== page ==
I had Doug Powell as a professor – before he moved to Kansas State he was Guelph’s own, irreverant, smart as heck, and opinionated (with facts to back him up). One of the best profs I’ve had.

    • Charmian Christie
      Posted at 13:17h, 08 September Reply

      @Amy P, you always have such interesting connections. I had no idea Powell was a local food geek.

      And I’m moving my pizza stone to the oven tonight!

      • Amy P
        Posted at 13:59h, 08 September Reply

        @Charmian Christie, This is the Canadian capital of Food Geekiness! It’s our job to be food geeks! From Ag Canada’s food research division (where I work), the provincial ministry, the university, Canadian food geeks unite in Guelph!

  • Jill U Adams
    Posted at 09:52h, 08 September Reply


    My friend Cynthia Graber interviewed the Geeks author for Scientific American. You can listen here:

    Despite my science background, I lean towards Alice Waters these days. Simple, straightforward, unfussy… I am so there!

  • Jill U Adams
    Posted at 09:53h, 08 September Reply

    (I guess I can’t post a link…)

  • Alison
    Posted at 10:36h, 08 September Reply

    Great post and can’t wait to check this book out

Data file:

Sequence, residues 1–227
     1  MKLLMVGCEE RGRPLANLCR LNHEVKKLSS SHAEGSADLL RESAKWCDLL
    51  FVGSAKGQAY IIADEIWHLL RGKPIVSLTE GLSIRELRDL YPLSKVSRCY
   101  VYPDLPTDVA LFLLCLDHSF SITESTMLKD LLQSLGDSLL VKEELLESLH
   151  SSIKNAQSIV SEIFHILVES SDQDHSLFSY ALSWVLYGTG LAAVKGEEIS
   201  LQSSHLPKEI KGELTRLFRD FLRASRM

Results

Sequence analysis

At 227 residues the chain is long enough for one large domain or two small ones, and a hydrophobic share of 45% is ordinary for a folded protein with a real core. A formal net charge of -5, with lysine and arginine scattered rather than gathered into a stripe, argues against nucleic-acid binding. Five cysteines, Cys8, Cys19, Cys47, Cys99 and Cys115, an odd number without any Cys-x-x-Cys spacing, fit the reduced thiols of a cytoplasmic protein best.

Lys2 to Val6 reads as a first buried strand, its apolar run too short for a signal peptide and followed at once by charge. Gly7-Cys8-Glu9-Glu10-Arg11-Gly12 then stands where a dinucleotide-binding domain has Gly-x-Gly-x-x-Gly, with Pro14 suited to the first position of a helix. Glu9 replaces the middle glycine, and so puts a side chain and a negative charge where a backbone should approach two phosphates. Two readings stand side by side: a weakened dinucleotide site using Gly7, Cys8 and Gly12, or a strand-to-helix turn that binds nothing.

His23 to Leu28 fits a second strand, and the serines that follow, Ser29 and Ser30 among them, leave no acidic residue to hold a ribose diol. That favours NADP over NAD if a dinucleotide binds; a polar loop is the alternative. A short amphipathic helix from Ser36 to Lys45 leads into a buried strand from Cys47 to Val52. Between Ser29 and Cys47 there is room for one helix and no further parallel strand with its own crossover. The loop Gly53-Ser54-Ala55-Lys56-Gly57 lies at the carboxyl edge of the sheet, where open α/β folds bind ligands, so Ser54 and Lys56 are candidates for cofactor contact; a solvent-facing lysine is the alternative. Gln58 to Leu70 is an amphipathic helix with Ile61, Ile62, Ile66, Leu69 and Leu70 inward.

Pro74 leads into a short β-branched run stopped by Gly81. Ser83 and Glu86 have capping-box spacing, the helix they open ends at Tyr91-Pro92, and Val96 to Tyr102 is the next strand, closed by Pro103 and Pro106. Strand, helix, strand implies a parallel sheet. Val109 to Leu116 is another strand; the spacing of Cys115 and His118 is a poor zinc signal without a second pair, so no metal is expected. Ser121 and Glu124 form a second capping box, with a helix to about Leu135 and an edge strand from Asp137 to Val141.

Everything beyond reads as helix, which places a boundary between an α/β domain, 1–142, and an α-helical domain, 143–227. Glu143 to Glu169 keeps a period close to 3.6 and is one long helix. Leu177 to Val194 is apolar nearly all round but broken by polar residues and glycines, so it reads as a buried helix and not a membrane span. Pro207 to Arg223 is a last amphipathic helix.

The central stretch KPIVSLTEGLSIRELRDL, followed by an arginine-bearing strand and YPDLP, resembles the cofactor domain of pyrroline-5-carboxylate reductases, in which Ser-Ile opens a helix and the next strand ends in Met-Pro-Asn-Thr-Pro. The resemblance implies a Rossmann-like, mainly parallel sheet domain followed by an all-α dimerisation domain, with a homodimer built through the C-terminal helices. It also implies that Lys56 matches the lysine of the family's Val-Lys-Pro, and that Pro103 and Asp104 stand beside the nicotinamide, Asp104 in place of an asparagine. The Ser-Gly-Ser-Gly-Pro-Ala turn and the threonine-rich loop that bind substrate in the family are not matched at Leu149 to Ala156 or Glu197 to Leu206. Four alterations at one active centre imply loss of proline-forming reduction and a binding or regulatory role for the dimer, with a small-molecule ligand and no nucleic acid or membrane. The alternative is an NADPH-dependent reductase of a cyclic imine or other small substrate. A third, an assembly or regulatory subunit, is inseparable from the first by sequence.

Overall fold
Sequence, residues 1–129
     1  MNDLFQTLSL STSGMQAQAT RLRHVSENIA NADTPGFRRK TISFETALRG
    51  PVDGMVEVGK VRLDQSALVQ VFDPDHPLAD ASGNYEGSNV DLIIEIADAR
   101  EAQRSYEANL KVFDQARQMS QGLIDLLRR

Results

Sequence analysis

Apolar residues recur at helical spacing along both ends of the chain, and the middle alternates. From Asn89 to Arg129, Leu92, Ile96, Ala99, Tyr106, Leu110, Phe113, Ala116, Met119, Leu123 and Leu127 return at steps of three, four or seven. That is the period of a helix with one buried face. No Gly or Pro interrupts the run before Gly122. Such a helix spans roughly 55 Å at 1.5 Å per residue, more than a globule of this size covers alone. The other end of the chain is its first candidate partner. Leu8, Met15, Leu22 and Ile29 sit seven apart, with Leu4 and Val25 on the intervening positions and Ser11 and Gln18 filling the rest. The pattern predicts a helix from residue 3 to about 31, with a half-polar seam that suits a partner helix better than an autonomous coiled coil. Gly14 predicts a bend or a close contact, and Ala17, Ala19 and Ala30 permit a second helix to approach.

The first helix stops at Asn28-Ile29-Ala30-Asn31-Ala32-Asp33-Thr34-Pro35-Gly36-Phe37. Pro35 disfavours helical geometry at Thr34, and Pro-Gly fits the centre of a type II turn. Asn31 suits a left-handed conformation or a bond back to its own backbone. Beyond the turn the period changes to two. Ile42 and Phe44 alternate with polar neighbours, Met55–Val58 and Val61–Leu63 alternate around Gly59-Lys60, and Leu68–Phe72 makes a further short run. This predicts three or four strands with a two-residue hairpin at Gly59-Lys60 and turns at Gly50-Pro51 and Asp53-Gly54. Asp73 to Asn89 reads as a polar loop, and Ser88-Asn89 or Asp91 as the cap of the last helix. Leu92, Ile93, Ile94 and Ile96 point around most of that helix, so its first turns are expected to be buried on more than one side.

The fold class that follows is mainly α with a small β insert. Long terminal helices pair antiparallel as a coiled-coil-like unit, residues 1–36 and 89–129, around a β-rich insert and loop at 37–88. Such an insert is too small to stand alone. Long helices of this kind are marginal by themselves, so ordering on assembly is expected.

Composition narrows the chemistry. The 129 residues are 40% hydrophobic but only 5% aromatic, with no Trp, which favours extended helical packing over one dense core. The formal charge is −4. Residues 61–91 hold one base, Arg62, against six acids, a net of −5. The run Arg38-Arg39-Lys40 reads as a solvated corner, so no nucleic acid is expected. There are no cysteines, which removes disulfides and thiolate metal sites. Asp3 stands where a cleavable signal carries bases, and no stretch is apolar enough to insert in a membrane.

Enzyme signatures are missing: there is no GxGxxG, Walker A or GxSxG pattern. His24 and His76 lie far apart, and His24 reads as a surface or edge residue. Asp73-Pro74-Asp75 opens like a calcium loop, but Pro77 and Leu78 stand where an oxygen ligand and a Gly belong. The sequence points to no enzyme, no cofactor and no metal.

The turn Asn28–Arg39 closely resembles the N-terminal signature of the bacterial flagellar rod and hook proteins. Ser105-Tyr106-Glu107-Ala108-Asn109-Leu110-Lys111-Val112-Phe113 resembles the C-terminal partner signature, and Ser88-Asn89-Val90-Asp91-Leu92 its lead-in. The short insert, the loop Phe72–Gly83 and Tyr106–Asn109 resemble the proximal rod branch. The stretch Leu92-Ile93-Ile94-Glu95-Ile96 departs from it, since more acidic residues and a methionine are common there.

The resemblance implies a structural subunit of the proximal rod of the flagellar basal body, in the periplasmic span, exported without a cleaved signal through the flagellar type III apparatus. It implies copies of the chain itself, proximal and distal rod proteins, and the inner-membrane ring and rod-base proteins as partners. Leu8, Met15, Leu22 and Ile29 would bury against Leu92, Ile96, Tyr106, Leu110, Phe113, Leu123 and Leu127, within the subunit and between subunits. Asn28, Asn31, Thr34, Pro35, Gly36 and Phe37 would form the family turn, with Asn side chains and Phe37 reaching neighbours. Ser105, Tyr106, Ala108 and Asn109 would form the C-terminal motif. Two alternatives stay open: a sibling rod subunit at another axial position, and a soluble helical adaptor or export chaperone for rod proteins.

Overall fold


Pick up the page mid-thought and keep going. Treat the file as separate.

• Charmian Christie
      Posted at 13:19h, 08 September Reply

      @Alison, they’re both quite interesting. I’d love to hear what you think of the one you choose.

  • Janet Foster
    Posted at 10:54h, 08 September Reply

    I just started reading “On Food and Cooking: The Science and Lore of the Kitchen” by Harold McGee. It’s definitely not light reading but it’s really interesting.

    • Charmian Christie
      Posted at 13:19h, 08 September Reply

      @Janet Foster, thanks for the recommendation. I’ll have to check this one out.

  • Cynthia Graber
    Posted at 15:11h, 08 September Reply

    I’d missed that you just wrote about the same book! I loved sitting down with Jeff in his kitchen to talk about Cooking for Geeks (for Scientific American). He’s a character, and I agree, it’s a great book.

    • Charmian Christie
      Posted at 19:00h, 09 September Reply

      @Cynthia Graber, I’m sooo jealous. Great to know the author is as entertaining as his book!

  • Robin Smart
    Posted at 22:42h, 08 September Reply

    Since I enjoy reading a good cook book, as much as I do a good novel, I have added these two to my reading list for ASAP perusal.
    I’ll keep you posted.

    • Charmian Christie
      Posted at 19:01h, 09 September Reply

      @Robin Smart, you and John will love Cooking for Geeks. It could replace his annual request for the World Almanac.

  • Dan @ Casual Kitchen
    Posted at 19:10h, 16 September Reply

    Charmian, one book I’d strongly recommend is Kate Heyhoe’s “Cooking Green.” I wrote a review at Casual Kitchen here:

    It was an exceptional book, full of all sorts of ideas of how to save money while reducing your kitchen and home’s carbon footprint. Best of all, it turned out to provide me with dozens of ideas for blog posts too!


    • Charmian Christie
      Posted at 19:53h, 19 September Reply

      @Dan @ Casual Kitchen, thanks for the recommendation. I hadn’t heard of this book before. It sounds like a great addition to my book shelf. Or an excuse to start a new one :-)